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Proceedings Paper

Calibration of the spherical pointing motor
Author(s): Benjamin B. Bederson; Richard S. Wallace; Eric L. Schwartz
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Paper Abstract

We have built a new miniature pan-tilt actuator, the spherical pointing motor (SPM). The SPM is an absolute positioning device, designed to orient a small camera sensor in two degrees of rotational freedom. The basic idea is to orient a permanent magnet to the magnetic field induced by three orthogonal coils by applying the appropriate ratio of currents to the coils. The function describing the relation between the coil currents and the resultant motor position can be calculated, but it is not very accurate as the actual coils do not exactly satisfy the assumptions made in these calculations. The motor must be calibrated to find the coil currents accurately. This paper describes a procedure for automatic calibration of the SPM. It is based on image feedback from a camera returning space-variant images, mounted on the rotor of the motor. It assumes that a calibrated image sensor and lens are used, i.e., that it is known how many degrees each pixel subtends. It also assumes that the camera rotates about its focal point. The calibration algorithm uses a scene of black dots on a white background. For each motor position that is to be calibrated, the algorithm moves the motor approximately to that position using the calculated currents. The algorithm analyzes the image, and uses the position of the relevant dot to calculate the actual position of the motor. It then associates this position with the coil currents and stores it in a look-up-table. Finally, we interpolate between calibrated points to move to other positions.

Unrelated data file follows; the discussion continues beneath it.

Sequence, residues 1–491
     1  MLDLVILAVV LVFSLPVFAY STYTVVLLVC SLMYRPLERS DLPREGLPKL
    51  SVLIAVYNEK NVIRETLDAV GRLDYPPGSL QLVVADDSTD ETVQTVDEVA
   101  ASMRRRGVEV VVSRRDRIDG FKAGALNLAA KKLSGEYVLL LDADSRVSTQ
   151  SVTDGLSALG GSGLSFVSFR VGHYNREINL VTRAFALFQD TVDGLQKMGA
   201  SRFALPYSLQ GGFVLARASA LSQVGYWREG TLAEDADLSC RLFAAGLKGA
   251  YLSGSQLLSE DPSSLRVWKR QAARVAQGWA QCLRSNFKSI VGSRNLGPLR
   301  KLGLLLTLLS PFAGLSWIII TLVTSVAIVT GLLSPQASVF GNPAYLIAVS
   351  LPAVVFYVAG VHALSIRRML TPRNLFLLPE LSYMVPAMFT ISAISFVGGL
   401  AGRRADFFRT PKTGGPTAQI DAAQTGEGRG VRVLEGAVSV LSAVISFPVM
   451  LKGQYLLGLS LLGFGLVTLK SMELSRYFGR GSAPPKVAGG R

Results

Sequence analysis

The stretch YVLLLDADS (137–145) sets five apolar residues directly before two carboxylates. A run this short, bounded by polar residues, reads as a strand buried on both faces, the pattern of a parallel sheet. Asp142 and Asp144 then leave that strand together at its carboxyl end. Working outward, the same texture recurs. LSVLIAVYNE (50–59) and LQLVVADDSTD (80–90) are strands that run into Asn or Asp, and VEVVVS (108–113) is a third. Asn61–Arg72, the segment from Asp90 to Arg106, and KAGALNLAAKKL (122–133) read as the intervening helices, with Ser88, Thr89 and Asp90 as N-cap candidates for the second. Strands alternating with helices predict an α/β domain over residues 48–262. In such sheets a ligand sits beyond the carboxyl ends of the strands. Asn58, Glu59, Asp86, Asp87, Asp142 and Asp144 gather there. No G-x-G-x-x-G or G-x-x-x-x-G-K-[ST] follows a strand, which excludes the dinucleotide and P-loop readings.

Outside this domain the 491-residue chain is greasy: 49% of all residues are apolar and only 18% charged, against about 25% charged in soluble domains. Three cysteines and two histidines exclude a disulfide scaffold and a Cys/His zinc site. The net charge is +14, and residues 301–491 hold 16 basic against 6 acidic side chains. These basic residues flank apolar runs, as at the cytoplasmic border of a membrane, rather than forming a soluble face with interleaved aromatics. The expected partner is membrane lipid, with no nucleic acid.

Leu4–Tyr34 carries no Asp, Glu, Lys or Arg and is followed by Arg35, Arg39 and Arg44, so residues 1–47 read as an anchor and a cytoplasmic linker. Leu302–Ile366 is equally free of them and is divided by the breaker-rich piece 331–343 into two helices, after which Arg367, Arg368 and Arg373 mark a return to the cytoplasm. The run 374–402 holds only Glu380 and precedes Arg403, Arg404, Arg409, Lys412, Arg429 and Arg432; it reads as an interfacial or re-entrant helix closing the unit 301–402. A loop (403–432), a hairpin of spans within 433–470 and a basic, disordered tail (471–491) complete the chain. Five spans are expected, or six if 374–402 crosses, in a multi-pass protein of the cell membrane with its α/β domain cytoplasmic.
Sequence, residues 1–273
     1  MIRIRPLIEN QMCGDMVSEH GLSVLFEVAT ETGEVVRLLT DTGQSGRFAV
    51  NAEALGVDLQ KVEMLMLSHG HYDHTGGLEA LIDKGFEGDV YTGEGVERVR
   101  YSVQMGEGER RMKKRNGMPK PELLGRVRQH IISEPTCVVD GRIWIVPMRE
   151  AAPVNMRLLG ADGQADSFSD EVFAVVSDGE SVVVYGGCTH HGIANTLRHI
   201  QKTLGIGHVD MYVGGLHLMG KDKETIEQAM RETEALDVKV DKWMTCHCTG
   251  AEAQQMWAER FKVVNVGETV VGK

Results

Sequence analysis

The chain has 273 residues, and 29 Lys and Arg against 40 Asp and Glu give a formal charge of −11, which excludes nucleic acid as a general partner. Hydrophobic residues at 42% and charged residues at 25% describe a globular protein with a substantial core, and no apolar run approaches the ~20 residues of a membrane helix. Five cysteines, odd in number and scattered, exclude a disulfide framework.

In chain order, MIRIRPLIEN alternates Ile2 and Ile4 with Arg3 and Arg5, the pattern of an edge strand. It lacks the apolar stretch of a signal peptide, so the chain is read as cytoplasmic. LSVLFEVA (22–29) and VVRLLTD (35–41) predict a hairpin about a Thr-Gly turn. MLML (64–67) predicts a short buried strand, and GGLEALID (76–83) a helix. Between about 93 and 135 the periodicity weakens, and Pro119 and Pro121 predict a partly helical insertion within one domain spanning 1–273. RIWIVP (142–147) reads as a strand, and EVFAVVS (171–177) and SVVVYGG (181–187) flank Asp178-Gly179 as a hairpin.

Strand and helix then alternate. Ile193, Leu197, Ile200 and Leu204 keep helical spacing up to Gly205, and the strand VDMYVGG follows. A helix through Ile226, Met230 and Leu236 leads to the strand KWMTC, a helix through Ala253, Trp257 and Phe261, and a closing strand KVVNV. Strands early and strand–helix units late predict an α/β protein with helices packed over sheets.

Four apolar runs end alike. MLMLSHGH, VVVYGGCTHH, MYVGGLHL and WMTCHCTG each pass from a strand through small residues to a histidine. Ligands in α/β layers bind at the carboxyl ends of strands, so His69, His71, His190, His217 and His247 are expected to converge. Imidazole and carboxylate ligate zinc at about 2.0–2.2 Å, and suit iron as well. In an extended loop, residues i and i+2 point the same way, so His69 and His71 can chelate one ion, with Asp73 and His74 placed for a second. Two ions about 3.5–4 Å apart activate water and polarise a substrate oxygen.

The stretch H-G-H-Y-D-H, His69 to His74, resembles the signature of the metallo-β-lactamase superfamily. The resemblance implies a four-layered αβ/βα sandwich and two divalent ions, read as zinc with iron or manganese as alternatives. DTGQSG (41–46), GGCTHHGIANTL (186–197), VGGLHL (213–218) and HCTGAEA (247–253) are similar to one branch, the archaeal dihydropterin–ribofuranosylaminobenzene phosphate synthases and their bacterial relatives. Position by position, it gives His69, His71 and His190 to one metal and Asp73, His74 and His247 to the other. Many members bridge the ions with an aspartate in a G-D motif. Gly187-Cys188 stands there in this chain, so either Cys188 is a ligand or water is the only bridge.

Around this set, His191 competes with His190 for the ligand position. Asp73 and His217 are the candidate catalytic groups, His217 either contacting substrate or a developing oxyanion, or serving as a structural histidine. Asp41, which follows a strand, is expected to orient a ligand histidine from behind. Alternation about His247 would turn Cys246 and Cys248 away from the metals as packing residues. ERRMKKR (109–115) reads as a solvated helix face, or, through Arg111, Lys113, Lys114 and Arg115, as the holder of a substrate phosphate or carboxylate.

Paper Details

Date Published: 1 November 1992
PDF: 12 pages
Proc. SPIE 1825, Intelligent Robots and Computer Vision XI: Algorithms, Techniques, and Active Vision, (1 November 1992); doi: 10.1117/12.131581
Show Author Affiliations
Benjamin B. Bederson, Bell Communications Research (United States)
Richard S. Wallace, New York Univ. (United States)
Eric L. Schwartz, Boston Univ. (United States)

Published in SPIE Proceedings Vol. 1825:
Intelligent Robots and Computer Vision XI: Algorithms, Techniques, and Active Vision
David P. Casasent, Editor(s)

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